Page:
What happens when the government shuts down?
A local chef and the largest union in the United States are partnering to give some relief to workers at Columbia’s airport who are going without pay during the government shutdown.
Saturday, the AFL-CIO together with Kristian Neimi, the chef and owner of Bourbon on Main Street in downtown Columbia, are providing a meal for TSA workers at the Columbia Metropolitan Airport.
In a new release the AFL-CIO said they’re inviting people out “in supporting the hard-working men and women of the Federal Government.”
They’ll begin serving food at 10 a.m.
“Everyday that this pointless government shutdown drags on, hundreds of thousands of working people are denied a paycheck and millions lose the vital government services that we deserve,” the AFL-CIO said in a statement. “Our members are concerned with making ends meet. Many of our members that are being forced to work without pay are concerned with how to pay for gas to get to work. Many members are worried how they are going to pay their mortgage or rent.”
TSA, or the Transporation Security Administration, workers chiefly screen passengers and luggage at airports to ensure safety. TSA employees are working without pay during the government shutdown, according to a New York Times article, and many are calling out sick or finding other work, issues that are expected to worsen as the shutdown is prolonged.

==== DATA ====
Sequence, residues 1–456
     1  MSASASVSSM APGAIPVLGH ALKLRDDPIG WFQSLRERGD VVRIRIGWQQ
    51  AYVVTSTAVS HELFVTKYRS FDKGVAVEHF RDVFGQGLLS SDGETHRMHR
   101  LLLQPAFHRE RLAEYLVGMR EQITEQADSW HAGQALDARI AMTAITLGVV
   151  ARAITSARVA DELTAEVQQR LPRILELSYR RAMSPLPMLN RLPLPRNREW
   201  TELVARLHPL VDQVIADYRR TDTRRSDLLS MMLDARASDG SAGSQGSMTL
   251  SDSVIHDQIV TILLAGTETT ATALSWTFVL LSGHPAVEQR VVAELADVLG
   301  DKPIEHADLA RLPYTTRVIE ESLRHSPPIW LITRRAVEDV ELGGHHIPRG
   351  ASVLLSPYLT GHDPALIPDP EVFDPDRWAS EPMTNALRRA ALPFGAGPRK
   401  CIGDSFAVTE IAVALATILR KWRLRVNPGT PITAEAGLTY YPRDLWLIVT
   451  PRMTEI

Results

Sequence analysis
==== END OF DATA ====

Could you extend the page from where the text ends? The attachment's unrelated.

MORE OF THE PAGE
In North Carolina, a food bank has been delivering food to TSA employees who work at the Raleigh-Durham International Airport.
Officials with the Miami International Airport have already scheduled a temporary shutdown of one of their terminals due to a lack of TSA workers being available.
The president of the TSA Council of the American Federation of Government Employees, Hydrick Thomas was quoted in the New York Times saying this week that “extreme financial hardship” had driven some of his members to resign and many others to consider doing so.
TSA workers earn about $35,000 a year on average, according to union officials that spoke with the Times.